Daniel Downer, 35, is thriving as the executive director of Bros in Convo, a self-described “Black, queer-led grassroots org-building community” dedicated to “educating and empowering gay and queer individuals of color living in Central Florida.”

Downer speaks with excitement about the many services his group offers, which will soon include a harm reduction education workshop for people who use drugs during sex, also known as chemsex. “We want to share tools with folks on how they can have safer fun, rather than say ‘You need to stop,’” Downer explains.

And that’ll be in addition to the resources Bros in Convo has been offering since it launched in 2017. Those include Be Kind to Your Mind, a monthly gathering during which participants discuss mental health and wellness. “It’s an affordable option for people who can’t access a therapist,” Downer says.

The organization also offers a support group for transgender and nonbinary folks; a health and nutrition program providing fresh local produce, cooking supplies and food-prep classes; testing for HIV, hepatitis C and other sexually transmitted infections; and a drop-in space called Stafford House. (It’s named for Lowell Stafford, a Black gay man who started an early HIV services group in the Orlando area.)

But back in 2012, when Downer had no insurance and was diagnosed with HIV, he was the one who needed support. Thankfully, there was the AIDS Drug Assistance Program (ADAP) within the Ryan White CARE Act, a long-running federal/state program that ensures that income-eligible people living with HIV get the free medications and medical care they need if they are uninsured or underinsured.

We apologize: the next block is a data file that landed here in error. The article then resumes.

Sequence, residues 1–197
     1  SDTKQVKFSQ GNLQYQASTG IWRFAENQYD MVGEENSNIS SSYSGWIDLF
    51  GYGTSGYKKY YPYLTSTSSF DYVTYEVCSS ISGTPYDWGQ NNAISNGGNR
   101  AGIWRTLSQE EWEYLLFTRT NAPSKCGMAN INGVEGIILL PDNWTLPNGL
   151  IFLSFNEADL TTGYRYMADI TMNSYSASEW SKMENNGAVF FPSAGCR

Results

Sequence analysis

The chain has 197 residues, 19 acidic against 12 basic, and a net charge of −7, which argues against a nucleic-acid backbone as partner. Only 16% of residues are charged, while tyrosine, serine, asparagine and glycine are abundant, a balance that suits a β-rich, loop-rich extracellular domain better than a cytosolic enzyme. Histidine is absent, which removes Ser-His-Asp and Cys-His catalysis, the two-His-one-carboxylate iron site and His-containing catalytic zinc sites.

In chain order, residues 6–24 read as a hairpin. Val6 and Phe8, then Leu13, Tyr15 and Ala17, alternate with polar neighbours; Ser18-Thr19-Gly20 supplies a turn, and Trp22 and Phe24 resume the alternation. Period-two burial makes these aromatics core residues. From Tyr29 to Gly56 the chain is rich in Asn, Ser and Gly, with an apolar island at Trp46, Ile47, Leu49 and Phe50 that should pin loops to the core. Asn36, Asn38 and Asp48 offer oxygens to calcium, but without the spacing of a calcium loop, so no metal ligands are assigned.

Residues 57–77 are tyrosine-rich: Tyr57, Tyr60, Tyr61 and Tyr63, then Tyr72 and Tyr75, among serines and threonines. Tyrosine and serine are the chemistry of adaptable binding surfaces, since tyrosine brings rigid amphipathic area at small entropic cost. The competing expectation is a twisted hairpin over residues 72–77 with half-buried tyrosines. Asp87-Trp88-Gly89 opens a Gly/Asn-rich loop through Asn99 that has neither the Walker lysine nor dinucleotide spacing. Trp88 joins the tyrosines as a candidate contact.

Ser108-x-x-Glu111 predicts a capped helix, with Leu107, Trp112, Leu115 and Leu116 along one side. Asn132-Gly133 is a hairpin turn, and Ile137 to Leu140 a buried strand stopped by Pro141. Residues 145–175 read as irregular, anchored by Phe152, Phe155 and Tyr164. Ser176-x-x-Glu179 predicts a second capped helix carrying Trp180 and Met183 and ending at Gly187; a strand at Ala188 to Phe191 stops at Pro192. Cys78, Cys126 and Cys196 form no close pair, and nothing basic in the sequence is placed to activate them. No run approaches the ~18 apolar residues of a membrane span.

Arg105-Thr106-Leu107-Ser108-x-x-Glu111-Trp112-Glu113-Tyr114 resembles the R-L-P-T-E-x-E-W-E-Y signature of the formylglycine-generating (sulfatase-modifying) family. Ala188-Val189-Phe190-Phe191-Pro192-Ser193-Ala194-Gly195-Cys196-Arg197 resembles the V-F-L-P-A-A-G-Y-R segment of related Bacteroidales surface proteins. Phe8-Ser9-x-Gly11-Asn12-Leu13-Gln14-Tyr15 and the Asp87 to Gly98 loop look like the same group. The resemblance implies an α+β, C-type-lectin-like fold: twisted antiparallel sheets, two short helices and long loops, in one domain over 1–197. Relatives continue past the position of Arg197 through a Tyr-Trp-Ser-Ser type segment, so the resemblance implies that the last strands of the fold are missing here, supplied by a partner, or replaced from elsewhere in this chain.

In many states, the program also assists with other key needs for HIV-positive people, including housing, nutrition and transportation. ADAP covers more than 300,000 individuals—about a third of all HIV-positive Americans.

Most state ADAPs offer clients two options. Clients without private insurance can be connected directly to HIV-specific meds and care only, while clients with insurance can have their premiums and often cost-sharing, like deductibles and co-pays, covered on private comprehensive health plans, such as job-linked plans, COBRA plans or Affordable Care Act (ACA, or Obamacare) health insurance marketplace plans. 

Via ADAP, says Downer, “I went on meds right away and had no issues with access. My care was very coordinated and seamless.” When he needed to switch regimens due to side effects, it was no problem. 

At that time, he explains, he was living in Georgia and was enrolled in the kind of ADAP that covers only meds and care directly related to HIV. When he moved to the Orlando area, he enrolled in an ACA marketplace plan (Bros in Convo does not provide health insurance), for which ADAP covers the roughly $1,000 monthly premiums. 

The fact that ADAP picks up such a big monthly bill makes it possible for Downer to do the work he does, he says. And he appreciates having a real health plan that covers all his needs. “I know how restrictive traditional ADAP [that only covers HIV-related needs] can be,” he says, “so I appreciate that now I have a lot more autonomy when it comes to receiving comprehensive care.”

His ACA platinum plan—the ACA’s highest level of plans—“allows me to receive dental care, to see an optometrist and to visit a urologist, which is really important to me as someone who has a family history of prostate cancer.”

He adds, “I’m so glad that ADAP covers my health care. It’s opened a lot of options for me when it comes to accessing health care services.”